The visit by Erik Kraaij, the deputy director of the Dutch Flood Protection Programme, coincides with the launch of an exhibition of entries into an international architectural design competition which sought to reimagine the flood-prone Morrisson’s Island area if a tidal barrier was built in the lower harbour.
The Morrison’s Island International Design Competition was organised by Cork Architectural Association with the support of the Architectural Association of Ireland and the National Sculpture Factory, in associated with the Save Cork City campaign group.
The leading entries were showcased in thein November.
Save Cork City proposed construction of a tidal barrier, repairs of the quays and quay walls, and enhancement of upstream flood defences as the best way to protect Cork from flooding.
The OPW ruled out a tidal barrier on cost, engineering, and environmental grounds, insisting instead that its flood plan, which includes raising quay walls in places, is the only viable option.
It will be the largest flood defence project in the history of the State.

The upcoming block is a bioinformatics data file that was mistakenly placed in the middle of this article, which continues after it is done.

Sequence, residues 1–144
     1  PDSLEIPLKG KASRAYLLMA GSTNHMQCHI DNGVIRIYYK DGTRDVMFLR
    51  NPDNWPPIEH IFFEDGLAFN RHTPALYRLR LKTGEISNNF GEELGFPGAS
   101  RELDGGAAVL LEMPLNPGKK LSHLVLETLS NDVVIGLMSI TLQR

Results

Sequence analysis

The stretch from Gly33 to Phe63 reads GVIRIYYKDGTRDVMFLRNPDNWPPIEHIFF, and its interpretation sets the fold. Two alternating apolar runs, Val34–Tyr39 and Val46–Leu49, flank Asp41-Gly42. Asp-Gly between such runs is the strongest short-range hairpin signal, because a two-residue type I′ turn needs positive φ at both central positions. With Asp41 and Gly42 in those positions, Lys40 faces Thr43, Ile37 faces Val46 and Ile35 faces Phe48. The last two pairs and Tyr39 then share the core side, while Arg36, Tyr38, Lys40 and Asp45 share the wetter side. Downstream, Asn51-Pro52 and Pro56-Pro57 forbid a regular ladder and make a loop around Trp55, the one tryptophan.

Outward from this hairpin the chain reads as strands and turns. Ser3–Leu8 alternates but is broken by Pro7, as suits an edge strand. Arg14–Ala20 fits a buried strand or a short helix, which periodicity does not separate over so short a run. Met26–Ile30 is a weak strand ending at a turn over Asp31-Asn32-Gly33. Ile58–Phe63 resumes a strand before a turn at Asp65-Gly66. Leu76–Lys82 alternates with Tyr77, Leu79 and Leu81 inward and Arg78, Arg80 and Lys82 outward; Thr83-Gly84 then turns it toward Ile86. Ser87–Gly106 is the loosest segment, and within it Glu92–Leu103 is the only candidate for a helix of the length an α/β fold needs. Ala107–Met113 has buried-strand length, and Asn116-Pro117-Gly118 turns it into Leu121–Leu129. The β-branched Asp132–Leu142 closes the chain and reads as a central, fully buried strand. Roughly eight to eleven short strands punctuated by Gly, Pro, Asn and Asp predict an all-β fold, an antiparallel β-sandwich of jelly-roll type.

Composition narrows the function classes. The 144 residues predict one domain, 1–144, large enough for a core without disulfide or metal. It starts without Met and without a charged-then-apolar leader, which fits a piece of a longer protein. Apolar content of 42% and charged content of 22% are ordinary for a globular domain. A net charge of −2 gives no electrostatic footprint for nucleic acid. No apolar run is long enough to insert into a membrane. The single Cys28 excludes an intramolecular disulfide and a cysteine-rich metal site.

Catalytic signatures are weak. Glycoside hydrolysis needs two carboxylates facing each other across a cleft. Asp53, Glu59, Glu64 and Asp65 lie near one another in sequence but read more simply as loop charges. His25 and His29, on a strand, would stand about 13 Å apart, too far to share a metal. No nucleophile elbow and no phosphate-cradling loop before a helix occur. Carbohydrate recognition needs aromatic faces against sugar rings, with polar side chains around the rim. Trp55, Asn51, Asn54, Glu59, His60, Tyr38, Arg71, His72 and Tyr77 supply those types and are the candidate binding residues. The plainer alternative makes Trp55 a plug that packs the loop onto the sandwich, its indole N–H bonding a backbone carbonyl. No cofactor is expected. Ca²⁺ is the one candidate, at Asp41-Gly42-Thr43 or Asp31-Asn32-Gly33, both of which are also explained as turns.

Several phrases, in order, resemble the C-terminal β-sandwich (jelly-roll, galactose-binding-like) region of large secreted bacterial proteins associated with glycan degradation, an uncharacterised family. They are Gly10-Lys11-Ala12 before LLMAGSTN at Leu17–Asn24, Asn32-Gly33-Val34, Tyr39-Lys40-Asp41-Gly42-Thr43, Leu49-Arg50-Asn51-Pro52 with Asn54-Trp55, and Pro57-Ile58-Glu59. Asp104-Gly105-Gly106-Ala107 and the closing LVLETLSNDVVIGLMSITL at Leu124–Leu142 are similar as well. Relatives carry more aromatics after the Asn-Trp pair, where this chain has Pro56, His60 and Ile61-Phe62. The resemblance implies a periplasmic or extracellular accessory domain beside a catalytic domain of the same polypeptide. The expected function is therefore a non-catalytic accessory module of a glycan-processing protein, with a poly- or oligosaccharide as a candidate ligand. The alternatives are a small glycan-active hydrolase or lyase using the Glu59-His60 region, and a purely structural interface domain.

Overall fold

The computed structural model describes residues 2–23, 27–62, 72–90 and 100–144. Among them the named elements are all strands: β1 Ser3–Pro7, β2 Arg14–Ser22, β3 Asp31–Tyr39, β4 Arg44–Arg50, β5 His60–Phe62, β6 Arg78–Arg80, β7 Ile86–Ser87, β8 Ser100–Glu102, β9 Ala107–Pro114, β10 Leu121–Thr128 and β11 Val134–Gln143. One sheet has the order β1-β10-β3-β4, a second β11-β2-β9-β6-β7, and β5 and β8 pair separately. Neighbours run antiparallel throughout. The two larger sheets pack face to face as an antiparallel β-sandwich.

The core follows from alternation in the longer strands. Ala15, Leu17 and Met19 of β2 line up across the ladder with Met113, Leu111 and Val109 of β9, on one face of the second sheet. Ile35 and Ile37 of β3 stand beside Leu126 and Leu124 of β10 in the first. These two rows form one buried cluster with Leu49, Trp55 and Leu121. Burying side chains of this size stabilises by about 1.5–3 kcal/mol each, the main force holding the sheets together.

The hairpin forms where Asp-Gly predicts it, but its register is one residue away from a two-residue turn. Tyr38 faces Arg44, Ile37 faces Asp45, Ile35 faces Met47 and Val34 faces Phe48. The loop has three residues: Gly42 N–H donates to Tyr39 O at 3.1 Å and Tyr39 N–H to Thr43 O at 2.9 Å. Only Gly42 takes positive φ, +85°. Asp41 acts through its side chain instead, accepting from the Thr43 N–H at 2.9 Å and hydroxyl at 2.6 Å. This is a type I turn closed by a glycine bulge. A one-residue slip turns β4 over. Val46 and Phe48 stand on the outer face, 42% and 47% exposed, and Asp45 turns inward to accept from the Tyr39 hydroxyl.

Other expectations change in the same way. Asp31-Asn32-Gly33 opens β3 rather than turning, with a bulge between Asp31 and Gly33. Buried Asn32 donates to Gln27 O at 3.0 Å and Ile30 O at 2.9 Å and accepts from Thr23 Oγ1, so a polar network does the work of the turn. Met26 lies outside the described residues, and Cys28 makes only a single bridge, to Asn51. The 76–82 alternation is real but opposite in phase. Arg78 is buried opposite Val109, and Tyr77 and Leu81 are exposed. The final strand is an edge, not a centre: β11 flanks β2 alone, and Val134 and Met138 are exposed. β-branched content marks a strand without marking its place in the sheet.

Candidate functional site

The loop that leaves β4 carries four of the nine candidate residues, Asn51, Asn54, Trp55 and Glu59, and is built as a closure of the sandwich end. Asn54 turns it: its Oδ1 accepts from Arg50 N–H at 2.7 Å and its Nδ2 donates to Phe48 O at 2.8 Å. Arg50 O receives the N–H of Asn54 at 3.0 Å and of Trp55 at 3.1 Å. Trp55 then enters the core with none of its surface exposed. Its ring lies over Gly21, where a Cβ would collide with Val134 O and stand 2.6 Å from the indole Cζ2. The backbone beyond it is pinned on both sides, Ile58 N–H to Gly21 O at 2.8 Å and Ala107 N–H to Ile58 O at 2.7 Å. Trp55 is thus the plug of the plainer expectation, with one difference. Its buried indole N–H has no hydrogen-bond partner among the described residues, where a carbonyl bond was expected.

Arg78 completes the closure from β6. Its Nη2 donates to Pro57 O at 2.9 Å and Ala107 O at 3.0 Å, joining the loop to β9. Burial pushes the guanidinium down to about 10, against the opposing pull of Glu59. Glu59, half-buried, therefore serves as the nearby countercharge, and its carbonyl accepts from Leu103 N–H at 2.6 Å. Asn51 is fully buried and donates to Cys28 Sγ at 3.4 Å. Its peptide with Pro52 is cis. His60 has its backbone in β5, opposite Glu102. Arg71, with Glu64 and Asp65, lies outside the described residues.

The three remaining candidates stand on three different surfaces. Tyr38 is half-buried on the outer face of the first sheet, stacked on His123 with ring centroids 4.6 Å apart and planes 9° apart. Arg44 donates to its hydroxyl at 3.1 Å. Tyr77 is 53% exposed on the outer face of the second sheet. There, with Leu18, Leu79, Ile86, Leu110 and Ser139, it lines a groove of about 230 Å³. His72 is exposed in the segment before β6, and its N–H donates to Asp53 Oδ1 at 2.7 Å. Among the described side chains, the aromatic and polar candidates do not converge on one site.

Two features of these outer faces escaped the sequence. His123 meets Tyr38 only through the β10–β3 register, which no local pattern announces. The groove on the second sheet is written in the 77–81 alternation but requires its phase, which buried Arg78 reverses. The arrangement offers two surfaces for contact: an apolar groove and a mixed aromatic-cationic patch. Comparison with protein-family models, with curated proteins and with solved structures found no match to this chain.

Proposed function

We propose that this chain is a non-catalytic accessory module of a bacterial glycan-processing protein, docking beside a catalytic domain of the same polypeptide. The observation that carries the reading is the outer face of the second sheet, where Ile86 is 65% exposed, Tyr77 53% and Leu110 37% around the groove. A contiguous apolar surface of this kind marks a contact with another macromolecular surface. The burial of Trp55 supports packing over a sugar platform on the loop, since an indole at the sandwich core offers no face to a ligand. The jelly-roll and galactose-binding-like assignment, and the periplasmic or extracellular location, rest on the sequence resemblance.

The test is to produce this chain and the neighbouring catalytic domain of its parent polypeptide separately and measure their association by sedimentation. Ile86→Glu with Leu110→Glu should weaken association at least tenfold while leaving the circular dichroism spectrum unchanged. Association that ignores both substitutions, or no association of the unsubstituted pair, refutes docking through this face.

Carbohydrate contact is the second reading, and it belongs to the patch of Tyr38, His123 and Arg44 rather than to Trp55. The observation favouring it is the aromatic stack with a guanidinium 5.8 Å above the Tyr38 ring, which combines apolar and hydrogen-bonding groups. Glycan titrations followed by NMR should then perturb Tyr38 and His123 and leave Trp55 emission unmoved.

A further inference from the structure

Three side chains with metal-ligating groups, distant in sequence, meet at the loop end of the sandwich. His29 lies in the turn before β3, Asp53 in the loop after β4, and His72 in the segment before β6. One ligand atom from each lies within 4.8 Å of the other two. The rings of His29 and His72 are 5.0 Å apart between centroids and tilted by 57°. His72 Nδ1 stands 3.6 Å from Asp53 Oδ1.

Last week, city councillors called for the OPW’s plans to be peer-reviewed by Dutch experts after it was confirmed flood defence works and public realm upgrades are expected to start in the Morrison’s Island area this summer.
Save Cork City confirmed last night that Mr Kraaij will give his opinion on the OPW’s proposals at a symposium in UCC’s Kane Building at 11am on Saturday. The event is free and open to the public.
The group issued an open invitation to the opening on Thursday night of the Morrison’s Island Design Competition exhibition, in the Crawford Building on Grand Parade.
HH and Francis Keane Architect won the competition, with A2 Architects in second place, and GKMP Architects in third.
The exhibition is open to the public from 10am-5pm, Monday to Friday, until February 25.